City to debate crosswalk

Laren Weber and Laren Weber

Since removal of the safety device along Thurstin Avenue alerting drivers of the crosswalk near Court Street, pedestrian safety has become a concern.

The flashing lights that once marked the concrete island were removed after city officials determined they no longer met current safety standards.

“It gave the illusion of being safe, but it wasn’t,” said John Fawcett, municipal administrator, at Monday night’s city council meeting.

The device was removed until studies being conducted by Proud Foot Engineering – a traffic engineering firm in Toledo – could be completed and analyzed.

Two small signs on each side of the road signaling to drivers that pedestrians have the right of way have temporarily replaced the blinking warning lights.

With the large amount of motorists that drive down Thurstin Avenue daily, Sarah Tomashefski, Ward 1 councilwoman, said crossing the roadway since removal of the safety device has become difficult.

Fawcett assured Tomashefski and other council members that he’s requested both city and University police to increase patrol in the area to aid in the safety of pedestrians.

In addition to the increased police patrol, warning signs are posted notifying drivers of the crosswalk ahead.

“Rules of the roadway require that they [motorists] give the right of way to pedestrians,” Fawcett said.

The concrete island in the center of the streets created a funnel effect narrowing the road from 12 feet to 10 feet at the Thurstin Avenue and Court Street intersection, which was a violation of current regulations.

When obstacles exist in the middle of the roadway, the road must remain at least 12 feet wide.

Anything less creates a dangerous situation, Fawcett said.

“It did represent a hazard not only for themselves [pedestrians], but for vehicles navigating down the road,” he said.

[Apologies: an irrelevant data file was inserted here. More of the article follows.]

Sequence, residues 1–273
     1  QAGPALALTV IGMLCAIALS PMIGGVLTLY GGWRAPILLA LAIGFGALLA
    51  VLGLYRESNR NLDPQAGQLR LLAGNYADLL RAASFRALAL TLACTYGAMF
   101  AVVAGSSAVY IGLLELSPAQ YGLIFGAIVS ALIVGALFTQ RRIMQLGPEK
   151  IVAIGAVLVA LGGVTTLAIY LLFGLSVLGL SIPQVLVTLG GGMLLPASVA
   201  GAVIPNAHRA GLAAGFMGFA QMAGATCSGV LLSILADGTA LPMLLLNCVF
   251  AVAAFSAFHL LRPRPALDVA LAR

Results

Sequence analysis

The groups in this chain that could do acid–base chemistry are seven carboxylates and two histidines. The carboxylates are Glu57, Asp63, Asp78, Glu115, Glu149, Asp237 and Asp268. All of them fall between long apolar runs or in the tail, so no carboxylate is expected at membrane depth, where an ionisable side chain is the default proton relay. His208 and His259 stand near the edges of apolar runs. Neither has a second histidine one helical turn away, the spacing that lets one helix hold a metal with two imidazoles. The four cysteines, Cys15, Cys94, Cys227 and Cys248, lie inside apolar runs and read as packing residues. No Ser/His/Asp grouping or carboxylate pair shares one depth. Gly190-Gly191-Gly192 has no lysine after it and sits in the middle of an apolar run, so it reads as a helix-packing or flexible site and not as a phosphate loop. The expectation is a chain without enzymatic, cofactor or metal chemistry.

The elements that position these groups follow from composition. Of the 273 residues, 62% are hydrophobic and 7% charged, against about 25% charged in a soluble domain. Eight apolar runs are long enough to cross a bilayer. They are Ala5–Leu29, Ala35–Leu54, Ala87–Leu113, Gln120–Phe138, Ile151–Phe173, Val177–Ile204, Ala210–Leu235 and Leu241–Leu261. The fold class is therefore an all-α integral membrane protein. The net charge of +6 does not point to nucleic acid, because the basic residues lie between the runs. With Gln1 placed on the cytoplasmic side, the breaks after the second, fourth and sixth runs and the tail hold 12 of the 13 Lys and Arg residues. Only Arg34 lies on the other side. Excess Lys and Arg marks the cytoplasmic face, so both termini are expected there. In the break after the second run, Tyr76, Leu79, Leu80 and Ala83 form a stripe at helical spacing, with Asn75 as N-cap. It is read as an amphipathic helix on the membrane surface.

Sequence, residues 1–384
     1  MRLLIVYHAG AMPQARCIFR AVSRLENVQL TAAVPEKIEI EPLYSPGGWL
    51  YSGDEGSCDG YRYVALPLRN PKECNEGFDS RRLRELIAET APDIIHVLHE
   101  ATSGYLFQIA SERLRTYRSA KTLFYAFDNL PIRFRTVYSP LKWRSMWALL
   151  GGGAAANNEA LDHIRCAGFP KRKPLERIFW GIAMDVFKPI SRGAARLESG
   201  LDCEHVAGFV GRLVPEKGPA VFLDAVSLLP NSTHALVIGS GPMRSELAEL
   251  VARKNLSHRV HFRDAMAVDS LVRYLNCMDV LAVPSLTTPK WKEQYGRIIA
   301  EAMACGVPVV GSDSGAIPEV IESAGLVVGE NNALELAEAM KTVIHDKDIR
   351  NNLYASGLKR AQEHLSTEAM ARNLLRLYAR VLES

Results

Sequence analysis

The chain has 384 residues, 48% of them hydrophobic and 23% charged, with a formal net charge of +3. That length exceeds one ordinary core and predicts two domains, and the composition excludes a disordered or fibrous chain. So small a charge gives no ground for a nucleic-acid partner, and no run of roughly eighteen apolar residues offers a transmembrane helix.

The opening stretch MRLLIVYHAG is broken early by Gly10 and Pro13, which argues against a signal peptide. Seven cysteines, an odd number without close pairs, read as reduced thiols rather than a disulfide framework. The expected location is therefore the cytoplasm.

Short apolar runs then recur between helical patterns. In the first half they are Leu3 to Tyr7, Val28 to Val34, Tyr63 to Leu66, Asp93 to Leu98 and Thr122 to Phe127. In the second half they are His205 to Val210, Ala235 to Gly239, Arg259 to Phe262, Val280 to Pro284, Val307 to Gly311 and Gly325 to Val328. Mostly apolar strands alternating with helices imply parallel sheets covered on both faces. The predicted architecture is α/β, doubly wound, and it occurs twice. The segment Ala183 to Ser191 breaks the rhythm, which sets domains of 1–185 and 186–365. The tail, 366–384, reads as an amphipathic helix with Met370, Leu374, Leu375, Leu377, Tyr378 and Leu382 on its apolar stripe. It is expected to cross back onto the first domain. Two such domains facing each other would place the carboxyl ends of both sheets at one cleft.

Representatives of the traffic engineering firm researched traffic and pedestrian counts, the number of accidents at the Thurstin Avenue and Court Street intersection and gaps between traffic.

They are scheduled to present reports and their recommendations to city officials today, Fawcett said.

“We’ll review those recommendations and implement what makes sense,” he said.

Fawcett stressed that a number of possibilities exist to create a safe crosswalk for pedestrians while maintaining a steady flow of traffic.

If placing stop signs at the intersection is the best decision, they could be placed within 48 hours.

But if the change is more complex than a stop sign, Fawcett said a temporary solution would be implemented to stabilize the intersection in the meantime.

“If, for example, they [Proud Foot] were suggesting a traffic light, that’s going to take some time, that’s going to take some resources,” he said.

Since removal of the device, Bill Blair, public works director, has noticed an increased amount of students crossing at Pike Street – where no crosswalks exist.

If students are concerned about the removal of the safety device on Thurstin Avenue, they shouldn’t cross where no crosswalks exist, Blair said.

“We can’t put crosswalks everywhere,” he said. “We need to move traffic down the streets.”

Fawcett also stressed that although by law pedestrians have the right of way, they need to take responsibility for their safety when crossing the street.

“As every pedestrian should, whenever that person crosses, use due caution,” he said. “And always use a marked pedestrian crosswalk.”